“I think you need it she said, “You’re talking too much for it to be working.”

“He’s really not talking much at all, not for him anyway,” Chrisie tried to explain.

The nurse didn’t exactly ignore us, but she certainly didn’t consider our words because she gave me another dose. That’s when the walls began to puddle on the floor which inexplicably thought it was in a musical. The choreography was amazing.

“I’m so sorry,” Chrisie said as the nurse walked away.

“Honey,” I said a little too loudly, “Make sure my boys are safe afterwards.”


“Count them!” I don’t remember much in the waiting room after that, but I’m sure anything I said wasn’t considered beforehand in the slightest.

Sometime later. I groggily woke up. Chrisie was beside me so I asked, “Are my boys safe?”


“Are you sure?”

“I’m sure.”

“Did you count?”

She finally laughed and said, “You don’t know what you’re saying.”

The thing is, I knew exactly what I was saying. I carefully considered it (as much as the drugs would allow). She carefully considered her words as well because she said, “I’d love you anyway, but both are there.”

“I love you two,” I said. Then I looked at Chrisie, “And I love you more.”

© Leighton Brown and Stories Now Told, 2011. Unauthorized use and/or duplication of this material without express and written permission from Leighton Brown is strictly prohibited. Excerpts and links may be used, provided that full and clear credit is given to Leighton Brown and Stories Now Told with appropriate and specific direction to the original content. For more information, please see the Copyright page.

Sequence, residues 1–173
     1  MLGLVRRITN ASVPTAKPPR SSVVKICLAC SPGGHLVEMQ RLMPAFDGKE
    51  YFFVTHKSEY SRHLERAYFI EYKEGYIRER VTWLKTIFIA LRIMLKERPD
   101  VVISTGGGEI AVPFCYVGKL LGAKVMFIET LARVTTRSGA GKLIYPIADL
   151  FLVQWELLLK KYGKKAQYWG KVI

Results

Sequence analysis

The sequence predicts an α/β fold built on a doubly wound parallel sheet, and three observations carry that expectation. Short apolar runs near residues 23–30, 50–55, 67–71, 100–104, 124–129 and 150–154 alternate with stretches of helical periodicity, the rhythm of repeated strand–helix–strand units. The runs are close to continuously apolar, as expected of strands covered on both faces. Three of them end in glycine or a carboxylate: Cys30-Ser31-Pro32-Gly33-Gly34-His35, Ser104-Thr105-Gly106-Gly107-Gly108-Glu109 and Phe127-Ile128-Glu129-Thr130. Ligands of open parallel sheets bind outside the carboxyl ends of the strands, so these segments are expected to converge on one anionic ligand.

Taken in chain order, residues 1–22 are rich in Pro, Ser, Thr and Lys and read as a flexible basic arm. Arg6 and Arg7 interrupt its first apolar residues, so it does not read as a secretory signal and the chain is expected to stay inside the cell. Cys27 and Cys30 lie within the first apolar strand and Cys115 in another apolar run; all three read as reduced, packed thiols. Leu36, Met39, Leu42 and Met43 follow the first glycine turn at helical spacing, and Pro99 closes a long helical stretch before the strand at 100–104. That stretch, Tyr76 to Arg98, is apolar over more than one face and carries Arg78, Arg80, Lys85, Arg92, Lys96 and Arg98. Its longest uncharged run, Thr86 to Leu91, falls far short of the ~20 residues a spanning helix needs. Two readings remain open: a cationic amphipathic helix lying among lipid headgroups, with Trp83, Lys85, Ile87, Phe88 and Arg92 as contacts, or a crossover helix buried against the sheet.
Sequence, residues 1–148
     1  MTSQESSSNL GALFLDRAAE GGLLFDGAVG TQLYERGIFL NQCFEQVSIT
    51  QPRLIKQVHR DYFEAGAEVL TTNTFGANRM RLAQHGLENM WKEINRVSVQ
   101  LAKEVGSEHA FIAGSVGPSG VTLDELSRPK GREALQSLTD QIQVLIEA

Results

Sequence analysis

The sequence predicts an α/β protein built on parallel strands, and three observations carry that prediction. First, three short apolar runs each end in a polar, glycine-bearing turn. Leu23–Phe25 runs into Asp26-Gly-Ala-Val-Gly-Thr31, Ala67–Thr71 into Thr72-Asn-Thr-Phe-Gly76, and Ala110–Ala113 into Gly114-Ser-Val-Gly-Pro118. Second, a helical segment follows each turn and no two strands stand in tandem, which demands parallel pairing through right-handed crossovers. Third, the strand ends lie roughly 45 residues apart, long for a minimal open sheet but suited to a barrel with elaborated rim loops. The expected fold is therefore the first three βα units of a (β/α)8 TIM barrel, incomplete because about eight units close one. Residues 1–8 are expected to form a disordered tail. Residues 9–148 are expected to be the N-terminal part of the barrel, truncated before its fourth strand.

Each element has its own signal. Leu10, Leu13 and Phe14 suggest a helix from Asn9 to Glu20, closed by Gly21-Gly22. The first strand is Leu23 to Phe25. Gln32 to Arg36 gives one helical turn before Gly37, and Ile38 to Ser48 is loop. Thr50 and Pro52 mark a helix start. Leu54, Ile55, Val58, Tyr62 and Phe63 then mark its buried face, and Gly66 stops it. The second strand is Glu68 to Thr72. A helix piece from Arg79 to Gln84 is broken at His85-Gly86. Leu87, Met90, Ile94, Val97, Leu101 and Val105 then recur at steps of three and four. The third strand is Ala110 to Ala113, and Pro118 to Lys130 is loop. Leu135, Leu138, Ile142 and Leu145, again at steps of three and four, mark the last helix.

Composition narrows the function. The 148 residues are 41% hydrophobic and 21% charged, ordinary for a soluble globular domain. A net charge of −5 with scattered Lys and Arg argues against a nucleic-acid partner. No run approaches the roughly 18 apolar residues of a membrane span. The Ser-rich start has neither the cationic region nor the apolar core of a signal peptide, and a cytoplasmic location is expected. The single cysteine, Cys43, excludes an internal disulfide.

About leighton

I could be considered a true Renaissance Man after having a long and storied (seriously, people actually tell stories about it) college experience and varied careers. I am also a shameless self-promoter (who did you think was writing this anyway?) who is prone to flights of fancy, an abundance of passion on any given subject, ,obsessive behavior, spontaneous storytelling (whether anyone listens or not), and making parenthetical references. I would also be thrilled if I heard someone use the word "raconteur" to describe me.
This entry was posted in Stories and tagged , , , , , , , , , , . Bookmark the permalink.

Leave a Reply

Fill in your details below or click an icon to log in: Logo

You are commenting using your account. Log Out /  Change )

Facebook photo

You are commenting using your Facebook account. Log Out /  Change )

Connecting to %s